Operating out of MIT the Abdul Latif Jameel World Water and Food Security Lab (J-WAFS) is an initiative that coordinates and promotes research related to water and food safety and security.
This year amongst the new projects being supported by J-WAFS two stand out: the first centres around harvesting water from air, whilst the second tackles technology that enhances crop production.
Securing clean drinking water is a challenge in many regions of the world, especially so in the MENA - the world’s driest region - where more than half of the region's population lives under conditions of ‘water stress’, according to the World Bank. One of the new projects backed by J-WAFS is seeking to develop a new technology that addresses this problem. The initiative will create a passive solar device that can extract clean, fresh water from the air at any range of humidity, using a metal-organic framework (MOF), a specialized porous material, enabling remote areas to access water supplies at a fracture of the infrastructure cost.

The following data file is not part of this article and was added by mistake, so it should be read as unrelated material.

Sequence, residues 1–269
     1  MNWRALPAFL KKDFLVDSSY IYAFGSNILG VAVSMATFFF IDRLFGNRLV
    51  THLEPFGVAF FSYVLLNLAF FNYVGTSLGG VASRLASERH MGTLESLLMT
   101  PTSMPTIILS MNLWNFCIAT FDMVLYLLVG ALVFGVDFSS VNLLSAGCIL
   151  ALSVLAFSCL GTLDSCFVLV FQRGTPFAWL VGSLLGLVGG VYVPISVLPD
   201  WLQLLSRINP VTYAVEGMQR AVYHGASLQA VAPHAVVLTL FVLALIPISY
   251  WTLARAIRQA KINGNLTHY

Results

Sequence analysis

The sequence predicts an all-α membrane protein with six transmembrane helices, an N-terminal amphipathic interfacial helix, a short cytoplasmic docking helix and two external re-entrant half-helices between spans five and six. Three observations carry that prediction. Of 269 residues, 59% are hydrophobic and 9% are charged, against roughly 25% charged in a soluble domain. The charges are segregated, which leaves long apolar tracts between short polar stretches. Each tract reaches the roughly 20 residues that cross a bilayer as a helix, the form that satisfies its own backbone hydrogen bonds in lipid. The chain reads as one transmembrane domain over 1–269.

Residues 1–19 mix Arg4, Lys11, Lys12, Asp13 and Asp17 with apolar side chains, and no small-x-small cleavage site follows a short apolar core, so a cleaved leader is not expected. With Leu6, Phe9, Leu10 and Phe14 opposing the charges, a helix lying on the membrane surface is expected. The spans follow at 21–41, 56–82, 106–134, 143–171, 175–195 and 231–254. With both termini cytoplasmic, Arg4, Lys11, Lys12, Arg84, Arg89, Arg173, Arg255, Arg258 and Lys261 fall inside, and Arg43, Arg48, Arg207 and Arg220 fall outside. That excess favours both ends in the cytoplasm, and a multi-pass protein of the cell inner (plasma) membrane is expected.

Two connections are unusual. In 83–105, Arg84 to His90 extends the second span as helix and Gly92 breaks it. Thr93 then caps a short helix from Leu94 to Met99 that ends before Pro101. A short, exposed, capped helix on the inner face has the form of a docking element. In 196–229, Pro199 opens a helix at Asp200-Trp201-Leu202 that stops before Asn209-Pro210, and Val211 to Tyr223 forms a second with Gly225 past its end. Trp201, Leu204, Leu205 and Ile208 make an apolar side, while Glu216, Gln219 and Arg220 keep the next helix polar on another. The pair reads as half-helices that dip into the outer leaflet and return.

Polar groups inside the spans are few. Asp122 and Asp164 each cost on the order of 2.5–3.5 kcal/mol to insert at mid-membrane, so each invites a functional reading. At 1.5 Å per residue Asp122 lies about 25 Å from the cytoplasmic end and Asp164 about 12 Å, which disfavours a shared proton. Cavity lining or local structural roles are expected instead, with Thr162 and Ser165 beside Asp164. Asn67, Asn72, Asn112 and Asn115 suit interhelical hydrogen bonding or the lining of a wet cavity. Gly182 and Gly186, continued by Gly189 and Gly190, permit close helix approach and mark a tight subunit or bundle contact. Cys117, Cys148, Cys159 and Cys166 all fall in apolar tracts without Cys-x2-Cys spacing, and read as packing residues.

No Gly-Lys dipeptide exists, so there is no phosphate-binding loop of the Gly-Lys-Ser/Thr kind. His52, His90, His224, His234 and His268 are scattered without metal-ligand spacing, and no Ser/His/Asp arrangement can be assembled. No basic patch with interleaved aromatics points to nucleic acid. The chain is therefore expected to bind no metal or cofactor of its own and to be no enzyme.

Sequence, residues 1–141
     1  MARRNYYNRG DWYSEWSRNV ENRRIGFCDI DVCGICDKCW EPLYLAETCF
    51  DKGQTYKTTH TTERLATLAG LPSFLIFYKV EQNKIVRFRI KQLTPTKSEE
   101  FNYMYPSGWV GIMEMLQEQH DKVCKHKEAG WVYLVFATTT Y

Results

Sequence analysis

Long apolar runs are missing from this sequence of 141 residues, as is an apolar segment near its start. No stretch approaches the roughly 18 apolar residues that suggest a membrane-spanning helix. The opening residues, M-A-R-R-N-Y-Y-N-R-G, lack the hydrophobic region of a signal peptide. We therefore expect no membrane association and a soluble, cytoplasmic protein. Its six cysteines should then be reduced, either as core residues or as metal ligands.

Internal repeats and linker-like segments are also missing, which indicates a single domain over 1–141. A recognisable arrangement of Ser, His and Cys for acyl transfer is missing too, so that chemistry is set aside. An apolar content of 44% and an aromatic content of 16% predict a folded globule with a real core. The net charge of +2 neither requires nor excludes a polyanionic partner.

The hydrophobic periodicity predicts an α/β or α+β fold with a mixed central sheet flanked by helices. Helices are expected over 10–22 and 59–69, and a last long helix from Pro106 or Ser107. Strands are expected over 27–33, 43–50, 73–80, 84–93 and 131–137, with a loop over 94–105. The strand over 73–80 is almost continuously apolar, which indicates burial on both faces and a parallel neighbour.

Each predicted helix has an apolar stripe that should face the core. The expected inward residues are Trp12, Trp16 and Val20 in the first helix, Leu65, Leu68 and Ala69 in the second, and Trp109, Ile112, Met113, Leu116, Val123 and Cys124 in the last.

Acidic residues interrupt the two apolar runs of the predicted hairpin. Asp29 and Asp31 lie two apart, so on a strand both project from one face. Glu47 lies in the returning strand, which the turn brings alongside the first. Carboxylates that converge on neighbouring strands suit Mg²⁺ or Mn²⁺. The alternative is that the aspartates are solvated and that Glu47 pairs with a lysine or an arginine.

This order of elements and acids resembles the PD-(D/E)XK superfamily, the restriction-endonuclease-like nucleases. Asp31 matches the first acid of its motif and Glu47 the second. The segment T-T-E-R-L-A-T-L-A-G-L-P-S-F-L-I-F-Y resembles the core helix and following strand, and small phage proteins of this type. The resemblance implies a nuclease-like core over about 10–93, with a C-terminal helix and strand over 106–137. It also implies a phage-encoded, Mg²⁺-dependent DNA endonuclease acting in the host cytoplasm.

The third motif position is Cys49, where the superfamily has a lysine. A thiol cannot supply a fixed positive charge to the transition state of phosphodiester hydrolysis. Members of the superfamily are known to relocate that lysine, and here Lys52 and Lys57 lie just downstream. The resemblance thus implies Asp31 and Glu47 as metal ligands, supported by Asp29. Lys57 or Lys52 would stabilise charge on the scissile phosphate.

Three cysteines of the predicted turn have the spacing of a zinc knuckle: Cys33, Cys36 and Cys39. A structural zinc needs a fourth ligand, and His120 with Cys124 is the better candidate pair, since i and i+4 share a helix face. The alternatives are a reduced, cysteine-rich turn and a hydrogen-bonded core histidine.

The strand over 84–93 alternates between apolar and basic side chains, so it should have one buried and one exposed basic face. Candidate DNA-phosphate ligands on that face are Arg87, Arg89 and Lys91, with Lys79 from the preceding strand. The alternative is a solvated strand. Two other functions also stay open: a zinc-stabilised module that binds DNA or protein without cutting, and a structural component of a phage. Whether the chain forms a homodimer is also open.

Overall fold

Enhancing crop production while supporting environmentally sustainable farming practices in developing countries was also a key theme this year, as two J-WAFS projects are addressing challenges around nitrogen fertilizer which is required for agricultural productivity. A solar-powered electrochemical device is in the works which can convert nitrogen from air, water, and sunlight into ammonia to be added to the soil to promote plant growth. Christopher Voigt, a professor of biological engineering is pursuing a different solution which aims to engineer cereal grains that can “fix” atmospheric nitrogen, if successful these grains could become self-fertilizing high-yield producers.
Established in 2003 Community Jameel has branded itself as a social enterprise organization that seeks to benefit the lives of disadvantaged peoples in the Middle East and beyond by enabling research into poverty alleviation and food and water security. It’s president, Fady Mohammed Jameel has recently stated: “Community Jameel firmly believes that MIT-led research can deliver real solutions to help communities transform themselves.”